Saturday, March 27, 2010

Desert Notes

"The land does not give easily. The desert is like a boulder: you expect to wait. You expect night to come. But you expect some-time it will loosen into pieces to be examined." - Desert Notes, Barry Lopez

Later the author goes on to say:
"Your confidence in these finely etched maps is understandable, for at first glance they seem excellent, the best man is capable of; but your confidence is misplaced. Throw them out. They are the wrong sort of map. They are too thin. They are not the sort of map that can be followed by a man who knows what he is doing. The coyote, even the crow would regard them with suspicion."

Read this years ago, and recently re-read it. Desert Notes and the companion volumes River Notes and Field Notes are the work of a master craftsman.

Wednesday, March 24, 2010


Written especially for the Equinox performance of New Voices Poetry and The Undoctored Originals (Jazz Improv Band), Chattanooga, TN. com/watch? v=dsbQaOF_ Awo

March 20, 2010
Ray Zimmerman


Equinox is the sun
Stretching toward zenith
Reaching zenith
But not here.

Equinox is the red fox
I saw beside Scenic Highway
Walking about
The last night before spring.

The chorus frogs
Wind up their serenade.
Spring began for them
Two months ago.

Equinox is the bull
Fleeing Orion in the east.
The hounds join the chase.
The Twins look on.

Equinox is a tadpole
Hatching from an egg,
The sun spinning out
Cosmic dust from beginnings.

Red maples reach full bloom.
The forest seems to blush.
Bloodroot spreads white blossoms,
Oozes red sap when bruised.

I seek the crescent moon
Already beyond the horizon,
Fill with joy,
Howl my lament.

Saturday, March 6, 2010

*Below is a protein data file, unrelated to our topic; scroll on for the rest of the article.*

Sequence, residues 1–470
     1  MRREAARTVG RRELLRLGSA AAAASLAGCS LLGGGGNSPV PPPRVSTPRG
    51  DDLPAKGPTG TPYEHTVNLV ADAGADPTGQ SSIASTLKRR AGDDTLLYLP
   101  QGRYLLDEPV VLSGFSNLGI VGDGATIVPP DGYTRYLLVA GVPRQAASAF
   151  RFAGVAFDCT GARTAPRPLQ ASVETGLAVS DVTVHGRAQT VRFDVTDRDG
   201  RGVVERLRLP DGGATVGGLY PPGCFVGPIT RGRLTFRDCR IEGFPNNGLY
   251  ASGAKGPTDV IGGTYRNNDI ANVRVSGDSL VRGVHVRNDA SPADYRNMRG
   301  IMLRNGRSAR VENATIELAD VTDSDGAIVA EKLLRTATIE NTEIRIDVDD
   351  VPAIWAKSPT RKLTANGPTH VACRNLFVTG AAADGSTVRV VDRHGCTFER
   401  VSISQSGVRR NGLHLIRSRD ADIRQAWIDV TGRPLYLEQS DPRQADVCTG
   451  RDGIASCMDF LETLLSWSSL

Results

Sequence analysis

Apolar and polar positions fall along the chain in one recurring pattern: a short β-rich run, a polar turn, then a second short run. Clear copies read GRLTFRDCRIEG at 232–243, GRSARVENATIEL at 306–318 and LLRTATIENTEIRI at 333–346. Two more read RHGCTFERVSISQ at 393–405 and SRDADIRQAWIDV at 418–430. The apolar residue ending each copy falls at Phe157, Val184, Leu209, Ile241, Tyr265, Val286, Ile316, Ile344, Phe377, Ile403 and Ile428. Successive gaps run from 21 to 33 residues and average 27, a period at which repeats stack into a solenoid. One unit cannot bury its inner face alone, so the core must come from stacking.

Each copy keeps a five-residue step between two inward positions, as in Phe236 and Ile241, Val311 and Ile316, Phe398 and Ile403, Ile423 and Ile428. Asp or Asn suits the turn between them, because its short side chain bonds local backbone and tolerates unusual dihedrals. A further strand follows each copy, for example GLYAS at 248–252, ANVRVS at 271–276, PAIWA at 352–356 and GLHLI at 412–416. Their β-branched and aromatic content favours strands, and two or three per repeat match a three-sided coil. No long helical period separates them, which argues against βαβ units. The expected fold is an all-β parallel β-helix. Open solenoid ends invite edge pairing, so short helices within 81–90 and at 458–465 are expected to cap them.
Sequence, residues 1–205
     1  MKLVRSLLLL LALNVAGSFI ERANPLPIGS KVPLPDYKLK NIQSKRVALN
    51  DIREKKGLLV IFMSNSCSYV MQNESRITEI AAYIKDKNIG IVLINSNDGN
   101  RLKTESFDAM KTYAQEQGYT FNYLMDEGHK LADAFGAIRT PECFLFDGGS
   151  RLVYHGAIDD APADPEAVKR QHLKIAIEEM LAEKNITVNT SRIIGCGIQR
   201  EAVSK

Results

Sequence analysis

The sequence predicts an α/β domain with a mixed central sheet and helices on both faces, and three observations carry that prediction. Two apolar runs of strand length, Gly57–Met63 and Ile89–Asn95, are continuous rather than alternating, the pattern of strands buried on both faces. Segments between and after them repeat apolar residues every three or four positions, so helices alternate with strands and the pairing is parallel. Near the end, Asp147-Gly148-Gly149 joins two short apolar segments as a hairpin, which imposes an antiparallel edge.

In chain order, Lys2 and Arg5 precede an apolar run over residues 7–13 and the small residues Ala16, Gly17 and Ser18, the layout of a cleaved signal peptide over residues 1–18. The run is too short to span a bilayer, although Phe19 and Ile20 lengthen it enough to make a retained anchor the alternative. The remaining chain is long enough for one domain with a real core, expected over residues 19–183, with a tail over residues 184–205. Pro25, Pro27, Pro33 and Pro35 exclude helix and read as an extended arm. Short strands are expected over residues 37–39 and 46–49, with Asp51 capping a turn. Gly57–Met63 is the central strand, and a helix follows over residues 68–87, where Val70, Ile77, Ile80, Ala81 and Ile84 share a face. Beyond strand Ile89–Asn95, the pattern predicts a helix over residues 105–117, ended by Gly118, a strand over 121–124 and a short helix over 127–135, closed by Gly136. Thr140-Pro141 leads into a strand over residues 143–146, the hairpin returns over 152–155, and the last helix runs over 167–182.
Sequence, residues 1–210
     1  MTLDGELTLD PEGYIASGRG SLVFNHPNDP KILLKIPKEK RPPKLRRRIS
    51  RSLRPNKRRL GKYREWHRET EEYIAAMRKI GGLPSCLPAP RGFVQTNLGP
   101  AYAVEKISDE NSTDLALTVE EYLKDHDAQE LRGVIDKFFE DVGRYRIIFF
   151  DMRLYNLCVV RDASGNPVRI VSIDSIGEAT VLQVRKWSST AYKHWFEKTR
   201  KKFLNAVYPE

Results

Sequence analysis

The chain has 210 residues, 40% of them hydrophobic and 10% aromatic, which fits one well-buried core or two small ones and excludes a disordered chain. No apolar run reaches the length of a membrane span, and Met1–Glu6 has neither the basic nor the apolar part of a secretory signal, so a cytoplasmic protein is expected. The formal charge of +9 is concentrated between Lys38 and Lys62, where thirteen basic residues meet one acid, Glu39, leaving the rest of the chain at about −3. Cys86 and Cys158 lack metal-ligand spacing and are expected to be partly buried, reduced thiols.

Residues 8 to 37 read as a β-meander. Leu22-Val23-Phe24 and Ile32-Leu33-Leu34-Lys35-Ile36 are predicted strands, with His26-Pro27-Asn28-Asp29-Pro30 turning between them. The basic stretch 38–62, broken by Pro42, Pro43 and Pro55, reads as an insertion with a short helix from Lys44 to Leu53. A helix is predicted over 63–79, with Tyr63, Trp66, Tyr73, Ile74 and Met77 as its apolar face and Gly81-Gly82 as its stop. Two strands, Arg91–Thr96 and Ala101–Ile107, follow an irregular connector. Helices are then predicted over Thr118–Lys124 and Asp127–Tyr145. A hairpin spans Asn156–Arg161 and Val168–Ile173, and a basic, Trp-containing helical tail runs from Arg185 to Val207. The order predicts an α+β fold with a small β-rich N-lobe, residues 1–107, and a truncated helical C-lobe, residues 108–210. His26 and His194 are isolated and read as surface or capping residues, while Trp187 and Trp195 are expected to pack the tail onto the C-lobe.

A brief segment from my soon to be published book.

I remember the words of Edward Abbey in Beyond the Wall. “The more often you stop, the more difficult it is to continue. Stop too long and they cover you with rocks.”

It appears to me that I have been a pretty tame environmentalist. I have not taken much action to preserve wild lands, nor have I done much to raise awareness. I need to preserve the lands I love – no more sentiment without action. I have stopped too long and need to get going before they cover me with rocks.

I think of how small and powerless I am compared to the giant government, indifferent to conservation and frequently complicit with business and industry in despoiling the natural environment. I think of how small I am compared to the developers and giant corporations, with their wealth. I wonder what I can do with my small resources.

Thinking these thoughts I heard the piercing call of a red tailed hawk and looked up to see the great raptor pursued by a kingbird. The kingbird is no larger than a blue jay or a mockingbird but it controls its territory, it chases away the bigger birds. Lord, give me the strength to be a kingbird.

Thursday, March 4, 2010

The Levee Revisited

The following piece is an excerpt from my article, The Levee Revisited, which appeared in Hellbender Press some years ago. It is also included in my soon to be published book, Guardians and Other Sightings.